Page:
Catastrophic Attack and “Reasonable Probability”
February 24, 2017
“The majority of people are timid by nature, and that is why they constantly exaggerate danger."
Karl von Clausewitz
Technology creates both opportunity and risk, but it is the latter that often gets the most attention. This reflects weaknesses in the public process for analyzing risk. Research in the 1980s showed how public discourse and media misestimate and exaggerate risk. If anything, this tendency has become worse since then given the hyperactive news cycle. A more structured approach can help us more accurately evaluate the risks to public safety and national security created by new technologies.
The factors we should consider include vulnerability, attacker intent and capability, and the operational environment that shapes attacker calculation of the cost and benefits of using a new technology. The operational environment (and the limitations it imposes on potential attackers) is particularly important and helps explain why, despite more than a decade of warnings of various calamities, none have occurred. We should also look for precedents, and if there are none, ask why. This approach to risk assessment from new technology works well with cyberattacks, dirty bombs, bio-weapons or other potential threats.
Each factor requires a different weighting. Capability is not a good predictor of risk. Simply because someone has a capability does not mean that they will choose to use it. Improved capabilities offer increased “returns” to an attacker, but may not reduce the risks and constraint the attacker faces and does not change the larger calculation of effectiveness. For example, it may be easier to make biological weapons because of advances in technology, but unless a new design addresses the problems of dispersal and agent survivability (which are degraded by environmental conditions), a “better weapon” may still be unappealing to an attacker when compared to other modes of attack that have a greater probability of successful deployment. A terrorist, if they are competent, can predict the effect of a conventional bomb more much accurately than some exotic weapon.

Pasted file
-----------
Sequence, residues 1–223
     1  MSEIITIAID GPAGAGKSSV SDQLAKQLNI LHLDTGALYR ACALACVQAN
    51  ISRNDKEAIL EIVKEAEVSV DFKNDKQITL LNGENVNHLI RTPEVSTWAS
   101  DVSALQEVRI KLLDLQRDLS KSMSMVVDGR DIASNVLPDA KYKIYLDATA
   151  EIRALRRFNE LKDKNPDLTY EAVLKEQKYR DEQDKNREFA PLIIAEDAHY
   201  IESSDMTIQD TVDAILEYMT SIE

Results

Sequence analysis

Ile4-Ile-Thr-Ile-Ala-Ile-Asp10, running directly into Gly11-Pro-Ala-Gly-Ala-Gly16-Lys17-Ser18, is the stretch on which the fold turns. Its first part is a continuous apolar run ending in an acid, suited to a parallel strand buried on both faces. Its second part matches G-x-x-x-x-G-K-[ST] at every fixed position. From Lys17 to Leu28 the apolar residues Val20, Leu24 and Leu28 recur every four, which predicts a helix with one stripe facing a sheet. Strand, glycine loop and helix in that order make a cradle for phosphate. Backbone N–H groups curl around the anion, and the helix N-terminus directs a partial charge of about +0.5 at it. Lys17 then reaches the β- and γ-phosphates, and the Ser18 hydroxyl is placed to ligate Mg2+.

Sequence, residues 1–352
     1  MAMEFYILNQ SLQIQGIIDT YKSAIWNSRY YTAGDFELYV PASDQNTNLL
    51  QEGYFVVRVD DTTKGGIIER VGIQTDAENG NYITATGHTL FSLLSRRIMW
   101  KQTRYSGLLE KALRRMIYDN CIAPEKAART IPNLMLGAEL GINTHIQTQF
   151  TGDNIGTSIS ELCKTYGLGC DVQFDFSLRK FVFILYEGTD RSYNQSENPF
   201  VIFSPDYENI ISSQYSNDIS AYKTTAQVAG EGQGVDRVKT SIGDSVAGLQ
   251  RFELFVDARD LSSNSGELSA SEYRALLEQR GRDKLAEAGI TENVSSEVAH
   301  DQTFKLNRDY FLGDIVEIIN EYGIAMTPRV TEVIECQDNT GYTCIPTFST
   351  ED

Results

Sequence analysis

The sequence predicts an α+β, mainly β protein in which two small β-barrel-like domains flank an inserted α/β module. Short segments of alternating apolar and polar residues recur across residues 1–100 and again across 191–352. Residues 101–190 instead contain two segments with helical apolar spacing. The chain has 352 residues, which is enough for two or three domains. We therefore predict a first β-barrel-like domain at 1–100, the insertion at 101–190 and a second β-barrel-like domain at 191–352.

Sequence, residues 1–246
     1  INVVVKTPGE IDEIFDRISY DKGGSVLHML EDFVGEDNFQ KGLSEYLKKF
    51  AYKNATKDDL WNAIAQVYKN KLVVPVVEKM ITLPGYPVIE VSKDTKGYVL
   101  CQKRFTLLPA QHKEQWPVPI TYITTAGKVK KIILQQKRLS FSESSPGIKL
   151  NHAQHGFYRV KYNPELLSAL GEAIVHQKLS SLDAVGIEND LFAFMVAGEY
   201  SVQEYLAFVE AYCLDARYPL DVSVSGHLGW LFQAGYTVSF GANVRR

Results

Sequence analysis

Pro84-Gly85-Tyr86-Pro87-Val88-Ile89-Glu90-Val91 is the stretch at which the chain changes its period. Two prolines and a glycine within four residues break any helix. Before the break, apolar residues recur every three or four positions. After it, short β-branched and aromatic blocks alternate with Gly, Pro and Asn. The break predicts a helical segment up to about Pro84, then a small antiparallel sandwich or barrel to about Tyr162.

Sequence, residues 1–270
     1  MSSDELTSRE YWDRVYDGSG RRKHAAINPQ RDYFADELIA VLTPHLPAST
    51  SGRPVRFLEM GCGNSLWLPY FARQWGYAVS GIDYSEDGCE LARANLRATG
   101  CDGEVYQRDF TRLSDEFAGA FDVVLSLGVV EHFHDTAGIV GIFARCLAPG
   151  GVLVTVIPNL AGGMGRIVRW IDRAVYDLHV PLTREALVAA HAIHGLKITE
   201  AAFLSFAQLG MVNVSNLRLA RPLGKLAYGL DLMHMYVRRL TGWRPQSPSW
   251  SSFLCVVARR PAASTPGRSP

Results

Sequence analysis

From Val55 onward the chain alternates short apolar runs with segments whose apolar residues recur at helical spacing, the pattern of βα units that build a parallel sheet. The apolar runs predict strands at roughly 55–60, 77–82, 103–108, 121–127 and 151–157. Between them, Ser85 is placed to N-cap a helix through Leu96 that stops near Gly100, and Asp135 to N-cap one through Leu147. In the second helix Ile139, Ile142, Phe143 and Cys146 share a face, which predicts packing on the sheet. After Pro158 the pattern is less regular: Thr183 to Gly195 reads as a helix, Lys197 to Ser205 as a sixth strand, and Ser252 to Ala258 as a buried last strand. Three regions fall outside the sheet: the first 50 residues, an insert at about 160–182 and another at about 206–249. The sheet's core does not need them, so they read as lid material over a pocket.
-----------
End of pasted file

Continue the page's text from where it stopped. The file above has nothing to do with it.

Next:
Similarly, vulnerability does not adequately predict risk. Vulnerabilities are common in modern society, but infrequently produce harm, much less mass effect. Mass effect (thousands or millions of casualties) is difficult to achieve. The only examples involve mass aerial bombardment or nuclear weapons, which were expensive and required complex delivery mechanisms. Vulnerability assessments are too often unidimensional, and fail to take into account “substitution effect” where a vulnerability in one area can be mitigated by a strength in another.
Most industrial societies have developed agencies and rules that allow them to respond rapidly to contain and mitigate damage. For example, the prime minister of Norway recently pointed to the Black Death, which she said killed more than half her country's population. However, medical facilities have improved since the Middle Ages. When we look at the “pandemics” of the past few years, what is striking is how well they were managed and how few deaths resulted. The last major pandemic was the influenza epidemic of 1918 and health systems have improved vastly since then. In the last several decades, disease outbreaks have done the most harm in poorer countries with weak governance—and governance and wealth must be considered in any prediction of the risk from the outbreak of disease. This points to a serious shortcoming in most catastrophe scenarios, in that they underestimate the resilience of modern industrial societies.